Demystifying Data Protection Laws

Protecting sensitive or personal data of employees and customers is one of – if not the – most important responsibility of any business. While most of the world is adopting data protection laws, there are misconceptions about who needs to comply with which regulations and what information or data is actually covered. 

Courtesy of United Nations Conference on Trade and Development

The first step to protecting data is understanding what data your applications have access to and if any of that data is personal, sensitive, or otherwise protected by the regulation(s) that you’re trying to comply with.

This blog clarifies what’s covered under three key data protection regulations in the world of cybersecurity: the General Data Protection Regulation (GDPR),  the California Consumer Privacy Act (CCPA) amended as California Privacy Rights Act (CPRA) as of January 1, 2023, and Health Insurance Portability and Accountability Act (HIPAA).


Since May 25, 2018, the GDPR unifies the European Union data protection requirements. It specifies how organizations should safeguard personal data and uphold the privacy rights of anyone in EU territory.

GDPR Applicability

I hope this isn’t a surprise to anyone reading this, but GDPR isn’t just for EU businesses. If an organization offers goods or services to people in the EU or monitors the online behavior of people in the EU, they need to comply with GDPR. 

Data Protected Under GDPR

In the context of GDPR, personal data means any non-anonymized information that can be used to identify a “natural person” (aka someone who is alive). This includes:

  • name
  • address
  • national identification number
  • email address
  • phone number
  • home address
  • date of birth
  • race
  • gender
  • political affiliation
  • credit card numbers
  • data held by a hospital or doctor
  • photographs in which an individual is identifiable
  • identification number
  • cookie ID
  • IP address
  • location data (cell phone, applications)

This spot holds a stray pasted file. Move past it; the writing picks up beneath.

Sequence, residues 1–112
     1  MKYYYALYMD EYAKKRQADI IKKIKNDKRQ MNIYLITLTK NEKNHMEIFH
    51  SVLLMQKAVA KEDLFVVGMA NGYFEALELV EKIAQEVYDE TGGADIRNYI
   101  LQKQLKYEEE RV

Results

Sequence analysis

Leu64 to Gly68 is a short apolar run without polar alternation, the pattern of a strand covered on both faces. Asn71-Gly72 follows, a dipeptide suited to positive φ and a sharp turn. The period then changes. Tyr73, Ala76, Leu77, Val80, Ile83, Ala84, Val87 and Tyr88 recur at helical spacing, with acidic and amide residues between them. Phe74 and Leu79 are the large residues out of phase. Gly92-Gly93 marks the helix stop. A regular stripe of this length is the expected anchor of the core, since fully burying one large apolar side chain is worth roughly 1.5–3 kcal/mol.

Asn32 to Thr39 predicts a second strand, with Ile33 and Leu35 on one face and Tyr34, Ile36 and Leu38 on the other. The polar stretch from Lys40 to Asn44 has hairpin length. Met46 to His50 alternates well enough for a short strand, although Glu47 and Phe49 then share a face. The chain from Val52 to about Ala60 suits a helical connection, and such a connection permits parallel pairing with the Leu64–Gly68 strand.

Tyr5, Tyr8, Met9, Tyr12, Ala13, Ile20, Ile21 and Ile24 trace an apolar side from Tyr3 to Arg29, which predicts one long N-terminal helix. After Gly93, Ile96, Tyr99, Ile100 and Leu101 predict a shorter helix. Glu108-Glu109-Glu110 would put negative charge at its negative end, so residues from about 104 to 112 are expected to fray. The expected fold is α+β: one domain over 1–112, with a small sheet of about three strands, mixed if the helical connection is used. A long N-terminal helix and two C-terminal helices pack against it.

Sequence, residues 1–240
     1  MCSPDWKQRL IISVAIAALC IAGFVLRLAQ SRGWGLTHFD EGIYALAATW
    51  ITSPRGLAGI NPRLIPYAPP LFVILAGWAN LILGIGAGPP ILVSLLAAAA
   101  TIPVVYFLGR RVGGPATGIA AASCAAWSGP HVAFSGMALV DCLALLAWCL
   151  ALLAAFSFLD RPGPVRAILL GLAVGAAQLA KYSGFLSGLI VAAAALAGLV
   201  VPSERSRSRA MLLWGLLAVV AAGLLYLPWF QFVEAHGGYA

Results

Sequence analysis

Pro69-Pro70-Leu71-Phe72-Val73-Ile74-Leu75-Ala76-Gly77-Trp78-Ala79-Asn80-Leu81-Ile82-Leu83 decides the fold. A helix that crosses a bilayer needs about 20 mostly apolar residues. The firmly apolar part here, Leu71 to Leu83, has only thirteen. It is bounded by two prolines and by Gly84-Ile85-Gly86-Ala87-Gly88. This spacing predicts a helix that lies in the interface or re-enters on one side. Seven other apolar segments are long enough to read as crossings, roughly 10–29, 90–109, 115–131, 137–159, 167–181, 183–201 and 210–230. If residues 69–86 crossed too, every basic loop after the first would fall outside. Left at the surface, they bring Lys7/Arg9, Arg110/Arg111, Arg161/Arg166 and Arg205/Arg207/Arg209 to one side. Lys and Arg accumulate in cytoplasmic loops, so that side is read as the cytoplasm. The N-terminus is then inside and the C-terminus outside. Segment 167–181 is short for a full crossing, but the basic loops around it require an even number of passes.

GDPR Data Breach Impact

Less severe GDPR infringements can cost a business €10 million, or 2% of the firm’s worldwide annual revenue from the preceding financial year, whichever amount is higher. More severe violations can incur cost organizations up to €20 million, or 4% of the firm’s worldwide annual revenue from the preceding financial year, whichever amount is higher. 


A U.S.-based company expanded to Europe, but did not update its cloud applications to comply with GDPR data storage requirements. The company stored personal data of EU customers in a U.S. cloud region/zone. This violated the GDPR data sovereignty provision, which requires all data collected from EU citizens to be stored in the EU. The company could be fined up to €20 million.


CPRA strengthens CCPA to better protect and preserve the privacy of Californians.

CPRA Applicability

Similar to GDPR, CPRA isn’t just for businesses physically operating in California. CPRA applies to any company that does business in California and collects personal data about California residents in the process of doing so and meets one of the following:

  • makes at least $25 million in annual revenue
  • possesses or shares the personal data of more than 50,000 consumers, households, or devices, or
  • earns half or more of its annual revenue by selling personal data

Data Protected Under CPRA

CCPA defines “personal information” as information that identifies, relates to, describes, is reasonably capable of being associated with, or could reasonably be linked, directly or indirectly, with a particular consumer or household. So…that’s pretty vague. 

CPRA defines “sensitive personal information” as personal information that reveals a person’s:

  • social security, driver’s license, state identification card, or passport numbers
  • a consumer’s account log-in, financial account, debit card, or credit card number in combination with any required security or access code, password, or credentials allowing access to an account
  • precise geolocation
  • racial or ethnic origin, religious or philosophical beliefs, or union membership
  • the contents of mail, email, and text messages, unless the business is the intended recipient of the communication
  • genetic data

CPRA Breach Impact

Organizations can be fined up to $7,500 per offense under CPRA. And as of January 1, 2023, there is a new agency responsible for enforcing CPRA, so it’s likely that fines will increase when enforcement starts on July 1, 2023. 


An online retailer based in California suffered a data breach that exposed millions of records that included passwords, names, email addresses, and other information. This failure to prevent unauthorized access and exfiltration, theft, or disclosure of non-encrypted PII. The retailer paid $5 million to settle a class action lawsuit.

Now that we have a better idea of what GDPR and CPRA actually protect, let’s try to make sense of who HIPAA applies to and what data it covers.


HIPAA is a U.S. federal law that requires the creation of national standards to protect sensitive patient health information. There are many facets of HIPAA, but today we’re focusing on two key aspects:  privacy and security. The Privacy Rule establishes how personal health information (PHI) should be used. The Security Rule defines how electronic PHI should be protected.

HIPAA Applicability

All parts of HIPAA, including the Privacy and Security rules, apply to “covered entities.” And while this term may be crystal clear to some legal or policy insiders, there are many people who don’t know what this actually means. In non-legal jargon, HIPAA applies to: